Eric: I do. I want this so much, but um, I’m just a little confused, OK. Because you texted me, and I’m glad you did, but what about your rules?
Claire: I just really want to fuck you right now.
Eric: I don’t want to just fuck. I mean, I love, um, fucking you, but I feel like… I really like you, like a lot, and I don’t know. I feel like… you’re so funny and smart and beautiful and I just feel like I’ve never been with someone like you before. And, fuck. I just want you to know that. This is all sounding really lame.
Claire: No, it doesn’t sound lame. I like you too.
Eric: Yeah?
Claire: Yeah, that’s why I’m here.
Eric: I didn’t even know if this was going to happen again.
Claire: Now you know.
Eric: Now I know.

While the series is set before the #MeToo movement took off by several years, that doesn’t mean the consequences will be any less dire.

Clarie is nowhere near connected enough to make this go away quietly, nor does she have enough money to bribe law enforcement officials to look the other way.

No, she will face very real and public repercussions when word of their affair leaks, and we know it will.

As the adult in this situation, she is the one who will deal with the brunt of the fallout.

At the very least, her marriage and teaching career are over.

At the worst, she’ll serve time in prison and will have to register as a sex offender.

What happens to Eric is less clear.

His future won’t be ruined in the same ways Claire’s will be, but he’ll still carry the trauma of what happened to him.

Josh: I’ve known you since first grade. I know when you’re fucking lying. So just tell me. Logan told me about the girl you met at work.
Eric: Yeah.
Josh: Yeah.
Eric: Yeah, man. I’ve never felt this way before. It’s new. She’s confusing too.
Josh: Love is a beautiful and confusing thing.

It’ll probably be years before he even realizes that what they did was wrong and even longer before he can come to terms that it wasn’t his fault.

Television has done a remarkably improved job at portraying the intricacies of the rape over the past few years.

However, these instances of rape are usually limited to very clear-cut examples, such as a woman being drugged at a party or being forced to have sex against her will.

There have been very few instances of gray, which is understandable.

Until recently, most rape victims were not believed or worse, they were villified for what happened, like they were asking for it, or it was their fault.

So since this is such a touchy subject, it makes sense writers want things to be as black and white as possible.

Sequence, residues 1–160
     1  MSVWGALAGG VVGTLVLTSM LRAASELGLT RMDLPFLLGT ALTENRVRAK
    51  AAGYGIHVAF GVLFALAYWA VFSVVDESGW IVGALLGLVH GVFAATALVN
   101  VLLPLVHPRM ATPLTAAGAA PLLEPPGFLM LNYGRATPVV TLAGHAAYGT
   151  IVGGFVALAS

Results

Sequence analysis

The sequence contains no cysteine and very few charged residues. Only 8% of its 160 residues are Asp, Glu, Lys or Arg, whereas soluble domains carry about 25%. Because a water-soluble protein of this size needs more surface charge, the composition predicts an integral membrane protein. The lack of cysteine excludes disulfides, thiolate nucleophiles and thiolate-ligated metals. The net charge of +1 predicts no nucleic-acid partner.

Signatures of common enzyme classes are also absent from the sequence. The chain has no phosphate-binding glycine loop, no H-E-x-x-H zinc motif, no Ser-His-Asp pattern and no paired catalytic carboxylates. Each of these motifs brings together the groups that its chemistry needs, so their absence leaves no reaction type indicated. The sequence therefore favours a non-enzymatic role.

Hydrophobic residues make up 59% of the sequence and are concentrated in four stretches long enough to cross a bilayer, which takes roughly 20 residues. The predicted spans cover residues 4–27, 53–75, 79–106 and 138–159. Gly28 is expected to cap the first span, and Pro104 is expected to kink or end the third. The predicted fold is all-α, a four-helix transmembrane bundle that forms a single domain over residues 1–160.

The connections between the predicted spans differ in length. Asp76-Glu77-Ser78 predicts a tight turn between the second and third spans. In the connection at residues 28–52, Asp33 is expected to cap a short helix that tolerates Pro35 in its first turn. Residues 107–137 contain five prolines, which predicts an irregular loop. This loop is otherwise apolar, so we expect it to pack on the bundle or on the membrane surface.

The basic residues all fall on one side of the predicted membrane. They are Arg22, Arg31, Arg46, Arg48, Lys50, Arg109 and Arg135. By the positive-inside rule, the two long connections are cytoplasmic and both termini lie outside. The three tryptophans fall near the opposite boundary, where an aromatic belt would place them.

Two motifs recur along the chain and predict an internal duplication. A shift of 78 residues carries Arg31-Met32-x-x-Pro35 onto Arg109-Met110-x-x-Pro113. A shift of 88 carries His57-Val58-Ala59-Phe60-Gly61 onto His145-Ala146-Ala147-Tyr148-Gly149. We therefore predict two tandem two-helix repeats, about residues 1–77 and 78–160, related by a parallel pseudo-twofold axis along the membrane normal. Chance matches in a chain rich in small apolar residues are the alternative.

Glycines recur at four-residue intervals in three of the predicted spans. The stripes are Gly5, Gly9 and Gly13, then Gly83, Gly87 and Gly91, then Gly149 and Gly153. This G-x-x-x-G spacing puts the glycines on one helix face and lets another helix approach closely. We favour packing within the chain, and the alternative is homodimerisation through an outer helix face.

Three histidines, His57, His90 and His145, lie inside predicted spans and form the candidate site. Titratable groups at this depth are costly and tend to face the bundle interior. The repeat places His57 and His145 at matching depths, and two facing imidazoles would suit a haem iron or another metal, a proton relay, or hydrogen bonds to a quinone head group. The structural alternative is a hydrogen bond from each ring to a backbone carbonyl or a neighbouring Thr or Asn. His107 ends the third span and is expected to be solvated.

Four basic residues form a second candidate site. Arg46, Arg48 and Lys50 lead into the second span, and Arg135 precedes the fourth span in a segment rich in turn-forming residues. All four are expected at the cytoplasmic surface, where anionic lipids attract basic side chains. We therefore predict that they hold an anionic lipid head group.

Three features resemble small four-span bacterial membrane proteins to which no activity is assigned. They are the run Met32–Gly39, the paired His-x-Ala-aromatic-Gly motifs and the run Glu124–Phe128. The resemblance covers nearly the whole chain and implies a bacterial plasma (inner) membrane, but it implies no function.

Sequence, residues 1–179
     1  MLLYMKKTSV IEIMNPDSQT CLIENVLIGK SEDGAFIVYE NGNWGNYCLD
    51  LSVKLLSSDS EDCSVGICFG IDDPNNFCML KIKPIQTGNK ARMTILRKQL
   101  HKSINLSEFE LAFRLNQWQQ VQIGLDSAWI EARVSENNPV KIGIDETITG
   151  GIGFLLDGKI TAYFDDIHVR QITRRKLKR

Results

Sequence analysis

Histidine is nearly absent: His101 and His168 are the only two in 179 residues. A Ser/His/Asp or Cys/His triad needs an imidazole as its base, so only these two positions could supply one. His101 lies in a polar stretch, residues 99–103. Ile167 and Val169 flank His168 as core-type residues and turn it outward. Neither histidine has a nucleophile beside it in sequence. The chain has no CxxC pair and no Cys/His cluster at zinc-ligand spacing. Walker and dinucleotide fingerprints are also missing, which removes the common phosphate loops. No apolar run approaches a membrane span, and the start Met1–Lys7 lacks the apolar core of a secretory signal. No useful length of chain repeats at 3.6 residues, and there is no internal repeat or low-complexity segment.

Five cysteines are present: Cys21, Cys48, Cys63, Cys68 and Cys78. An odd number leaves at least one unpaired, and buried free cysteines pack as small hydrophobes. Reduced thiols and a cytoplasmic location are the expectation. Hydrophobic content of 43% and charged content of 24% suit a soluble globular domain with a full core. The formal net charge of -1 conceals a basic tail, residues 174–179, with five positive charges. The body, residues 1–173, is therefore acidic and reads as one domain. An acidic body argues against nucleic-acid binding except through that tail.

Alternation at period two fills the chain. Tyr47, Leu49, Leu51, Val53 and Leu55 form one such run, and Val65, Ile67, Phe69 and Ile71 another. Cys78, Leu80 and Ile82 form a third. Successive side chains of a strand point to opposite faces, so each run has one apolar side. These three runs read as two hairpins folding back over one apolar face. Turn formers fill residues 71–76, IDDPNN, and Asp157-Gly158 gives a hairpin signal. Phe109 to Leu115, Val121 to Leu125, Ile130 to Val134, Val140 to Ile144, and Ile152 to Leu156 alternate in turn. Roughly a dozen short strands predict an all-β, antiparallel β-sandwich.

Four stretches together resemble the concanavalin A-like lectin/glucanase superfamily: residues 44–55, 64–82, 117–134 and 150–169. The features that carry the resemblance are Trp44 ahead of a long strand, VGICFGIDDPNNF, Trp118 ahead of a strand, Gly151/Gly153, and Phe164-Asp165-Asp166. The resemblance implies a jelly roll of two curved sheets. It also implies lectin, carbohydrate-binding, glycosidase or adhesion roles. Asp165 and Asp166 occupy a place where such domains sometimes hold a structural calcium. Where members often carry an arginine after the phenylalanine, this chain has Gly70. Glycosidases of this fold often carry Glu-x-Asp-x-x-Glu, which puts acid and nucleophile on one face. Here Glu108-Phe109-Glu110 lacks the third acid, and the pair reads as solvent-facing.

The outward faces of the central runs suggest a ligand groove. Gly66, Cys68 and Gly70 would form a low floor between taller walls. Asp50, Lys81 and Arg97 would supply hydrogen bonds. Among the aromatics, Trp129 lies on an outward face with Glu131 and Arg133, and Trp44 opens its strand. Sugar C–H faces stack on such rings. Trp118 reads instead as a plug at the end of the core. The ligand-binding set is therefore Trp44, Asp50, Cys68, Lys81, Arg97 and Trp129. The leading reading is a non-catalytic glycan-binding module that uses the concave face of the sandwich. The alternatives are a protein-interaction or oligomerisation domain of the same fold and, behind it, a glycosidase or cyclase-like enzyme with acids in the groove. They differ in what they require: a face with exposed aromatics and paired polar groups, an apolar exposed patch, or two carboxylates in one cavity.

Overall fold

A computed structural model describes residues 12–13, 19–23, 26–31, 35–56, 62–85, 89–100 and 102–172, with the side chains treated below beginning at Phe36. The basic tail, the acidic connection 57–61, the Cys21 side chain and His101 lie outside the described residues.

We, though, live in a world of gray, and an illict student-teacher relationship falls into that category.

There’s no questioning that what Claire and Eric are doing is wrong and illegal, but some might not feel comfortable categorizing their illicit relationship as statutory rape.

Alison: It’s nice to see you’re still alive.
Eric: Hey, yeah, um, I’m sorry. I should have texted you. I got really sick after the dance, and I just… I uh…
Alison: Yeah, fuck you.
Eric: Yeah.
Alison: Don’t lie to me. Can you at least give me that? Why did you even ask me to the dance? I mean, you broke up with me last year and now you abandon me in front of the whole and entire school.
Eric: Alison, I’m sorry. It really wasn’t planned.
Alison: I don’t want to hear that.

That’s what it is, though, and when you look further at the power dynamics, it becomes even clearer.

Hopefully, the series will attempt to tackle the aftermath in a thoughtful and respectful manner.

If not, then this show might actually do more harm than good.

Some stray thoughts:

  • Though it’s unnerving to watch their relationship to unfold, it’s good to remember Nick Robinson is 25. So while he may look young and be portraying a high schooler, he is an adult.

  • Alison is essentially the only one in this series with her head on straight. Good for her for standing up for herself and not taking any of Eric’s crap.

  • I’m not sure how I feel about Logan and Mary as a potential couple. Are they supposed to be some sort of parallel to Claire and Eric and highlight an appropriate relationship with an age difference, or is it just fodder to give Logan something to do besides be jealous of Eric?

So what did you think, TV Fanatics?

When will Claire and Eric’s “relationship” implode?

What will be the fallout when it does?

How do you hope the series handles the complicated conversations surrounding their affair?

Hit the comments below to let me know your thoughts. 

Jessica Lerner is a staff writer for TV Fanatic. Follow her on Twitter.